Is the Grand Ethiopian Renaissance Dam really functional?



Fri, 09 Jul 2021 - 12:10 GMT


Fri, 09 Jul 2021 - 12:10 GMT

FILE - Grand Ethiopian Renaissance Dam (GERD) satellite view – REUTERS

FILE - Grand Ethiopian Renaissance Dam (GERD) satellite view – REUTERS

CAIRO – 9 July 2021: Construction of the Grand Ethiopian Renaissance Dam (GERD) began in April 2011 and the pilot operation of two turbines producing 750 megawatts was due to take place 44 months later in 2015.


As reported by the BBC, 4.9 billion cubic meters of water are enough to test both turbines. Up until now, no electricity has been generated because the turbines were not installed in the first place, as indicated by Water Resources Professor Abbas Sharaky in a TV interview mid-June.


Ethiopia had held back that amount of water in 2020 but had to release some of it in 2021 to elevate the middle wall by 30 meters. Yet, it added eight meters merely making the height of the wall 573 meters instead of 595 meters, the professor clarified.


As a consequence, it will not be capable of reserving the planned 13.5 billion cubic meters in the current flood season. The maximum that can be held back is four billion cubic meters making the total amount in the reservoir just eight billion cubic meters.


The idea behind the second filling is testing the second set of turbines. Nevertheless, neither the first nor the second sets of turbines have been installed for no obvious reasons.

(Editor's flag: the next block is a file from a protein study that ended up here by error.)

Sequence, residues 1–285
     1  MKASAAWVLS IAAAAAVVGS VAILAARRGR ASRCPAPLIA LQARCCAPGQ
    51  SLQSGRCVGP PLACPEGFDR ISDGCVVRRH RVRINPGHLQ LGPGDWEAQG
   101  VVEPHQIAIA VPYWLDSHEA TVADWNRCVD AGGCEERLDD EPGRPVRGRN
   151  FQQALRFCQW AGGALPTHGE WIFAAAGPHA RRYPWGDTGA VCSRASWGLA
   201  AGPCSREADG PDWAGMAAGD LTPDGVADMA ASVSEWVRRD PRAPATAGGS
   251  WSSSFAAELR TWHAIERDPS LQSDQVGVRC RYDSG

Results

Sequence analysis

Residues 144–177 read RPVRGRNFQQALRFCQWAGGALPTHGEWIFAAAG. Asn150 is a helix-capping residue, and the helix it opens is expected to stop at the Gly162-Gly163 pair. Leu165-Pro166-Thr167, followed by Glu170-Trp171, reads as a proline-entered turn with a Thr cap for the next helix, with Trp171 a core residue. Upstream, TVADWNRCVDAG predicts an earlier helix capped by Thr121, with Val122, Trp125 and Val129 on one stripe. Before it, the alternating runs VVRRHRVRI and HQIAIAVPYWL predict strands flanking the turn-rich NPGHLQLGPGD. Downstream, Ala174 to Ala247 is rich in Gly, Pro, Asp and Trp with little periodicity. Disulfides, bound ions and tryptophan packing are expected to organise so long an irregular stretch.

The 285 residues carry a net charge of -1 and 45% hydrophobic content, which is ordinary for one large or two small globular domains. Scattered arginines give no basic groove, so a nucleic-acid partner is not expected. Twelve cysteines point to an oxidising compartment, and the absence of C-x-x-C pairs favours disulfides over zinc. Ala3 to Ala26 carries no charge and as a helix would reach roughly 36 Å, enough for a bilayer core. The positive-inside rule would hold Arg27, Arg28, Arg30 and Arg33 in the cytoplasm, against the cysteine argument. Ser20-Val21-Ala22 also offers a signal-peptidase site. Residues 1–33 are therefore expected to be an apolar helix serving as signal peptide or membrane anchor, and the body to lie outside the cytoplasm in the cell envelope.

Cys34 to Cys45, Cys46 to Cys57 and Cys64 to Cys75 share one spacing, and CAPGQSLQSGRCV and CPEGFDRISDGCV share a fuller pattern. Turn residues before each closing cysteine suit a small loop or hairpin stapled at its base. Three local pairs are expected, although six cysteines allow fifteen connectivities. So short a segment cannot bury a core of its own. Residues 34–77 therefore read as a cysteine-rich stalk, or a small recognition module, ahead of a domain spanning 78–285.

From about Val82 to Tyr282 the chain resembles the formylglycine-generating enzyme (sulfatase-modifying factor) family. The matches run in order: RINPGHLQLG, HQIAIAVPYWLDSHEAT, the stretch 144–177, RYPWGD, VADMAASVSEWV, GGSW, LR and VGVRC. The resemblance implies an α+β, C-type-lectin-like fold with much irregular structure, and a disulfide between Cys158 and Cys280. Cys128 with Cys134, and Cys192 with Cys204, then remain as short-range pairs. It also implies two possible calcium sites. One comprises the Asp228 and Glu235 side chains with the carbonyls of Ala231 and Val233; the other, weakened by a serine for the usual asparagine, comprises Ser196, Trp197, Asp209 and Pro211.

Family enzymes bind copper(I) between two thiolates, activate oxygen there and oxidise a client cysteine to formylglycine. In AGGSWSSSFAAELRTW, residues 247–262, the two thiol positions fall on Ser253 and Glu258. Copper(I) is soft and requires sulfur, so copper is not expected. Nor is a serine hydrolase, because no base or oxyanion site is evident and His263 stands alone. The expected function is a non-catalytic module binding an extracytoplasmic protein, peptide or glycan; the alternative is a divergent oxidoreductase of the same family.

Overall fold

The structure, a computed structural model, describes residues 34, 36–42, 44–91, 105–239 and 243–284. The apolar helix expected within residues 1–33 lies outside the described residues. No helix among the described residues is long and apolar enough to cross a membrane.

As for why Ethiopia failed to raise the middle wall, it is because on the right and left sides of the dam, there are 13 tunnels, where the turbines should be installed. There has to be gates installed at the openings of such tunnels, Sharaqy explained noting that the opening of each tunnel is six meters wide and 30 meters high.


If the gates are not installed now, the tunnels will be flooded when the level of water reserved exceeds 11 billion cubic meters and installing the gates will not be possible. Sharaqy mentioned the June 2021 statements of the Ethiopian irrigation minister who said that five gates had been installed and that the rest would be put into place before the flood season starting in July.


The water resources professor criticized the Ethiopian minister's statements pointing out that such work should have been done in February. That is because not installing the gates means that the middle wall cannot be heightened so that the water held back does not flood the tunnels lacking both gates and turbines. Also, even if the gates are installed in time and the wall is raised, it had to be left for a while to harden. Otherwise, the flood water will sweep it away.


That is not the only peculiar issue about the dam. At first, the reservoir's capacity of the dam was set to be 11 billion cubic meters. It was later enlarged to become 74 cubic meters. Also, the plan was to generate 5,200 megawatts using 15 turbines. Then, it became producing 6,000 megawatts through 16 turbines. Now, the plan is installing 13 turbines to generate 3,000 megawatts. Such shifts in the design and capacity of the hydropower project makes the studies based on which it was built, its safety, impact and even functionality questionable.


What is stranger is that Ethiopia eyes building three other dams, which along with the GERD are estimated to hold back 200 billion cubic meters of Blue Nile water. That will leave nothing to Egypt and Sudan whose annual shares are 55.5 billion cubic meters and 18.5 billion cubic meters, respectively.



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